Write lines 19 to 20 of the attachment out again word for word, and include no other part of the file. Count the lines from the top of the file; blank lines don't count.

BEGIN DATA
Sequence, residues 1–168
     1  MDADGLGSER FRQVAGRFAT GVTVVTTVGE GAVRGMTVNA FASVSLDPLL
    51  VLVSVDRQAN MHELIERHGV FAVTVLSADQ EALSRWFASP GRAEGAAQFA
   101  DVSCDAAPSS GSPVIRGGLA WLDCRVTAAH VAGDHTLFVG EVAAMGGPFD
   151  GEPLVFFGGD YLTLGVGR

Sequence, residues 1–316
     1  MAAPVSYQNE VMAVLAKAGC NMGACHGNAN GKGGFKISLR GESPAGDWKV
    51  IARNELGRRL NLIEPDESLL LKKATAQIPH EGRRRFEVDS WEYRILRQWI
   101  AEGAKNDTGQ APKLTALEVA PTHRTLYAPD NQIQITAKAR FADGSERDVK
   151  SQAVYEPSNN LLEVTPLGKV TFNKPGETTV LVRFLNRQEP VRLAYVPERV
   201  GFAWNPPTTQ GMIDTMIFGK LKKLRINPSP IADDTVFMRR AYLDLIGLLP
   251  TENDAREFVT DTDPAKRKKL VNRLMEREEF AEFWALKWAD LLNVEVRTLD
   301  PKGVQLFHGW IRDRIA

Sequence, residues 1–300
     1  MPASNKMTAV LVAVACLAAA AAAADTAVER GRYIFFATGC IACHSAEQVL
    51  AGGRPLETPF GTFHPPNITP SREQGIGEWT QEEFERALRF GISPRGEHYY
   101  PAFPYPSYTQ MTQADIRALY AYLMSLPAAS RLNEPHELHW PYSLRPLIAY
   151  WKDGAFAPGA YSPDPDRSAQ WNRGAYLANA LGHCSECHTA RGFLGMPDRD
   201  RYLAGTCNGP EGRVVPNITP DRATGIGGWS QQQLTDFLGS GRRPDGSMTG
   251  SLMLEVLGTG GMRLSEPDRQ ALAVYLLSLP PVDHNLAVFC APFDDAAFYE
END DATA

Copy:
   201  RYLAGTCNGP EGRVVPNITP DRATGIGGWS QQQLTDFLGS GRRPDGSMTG
   251  SLMLEVLGTG GMRLSEPDRQ ALAVYLLSLP PVDHNLAVFC APFDDAAFYE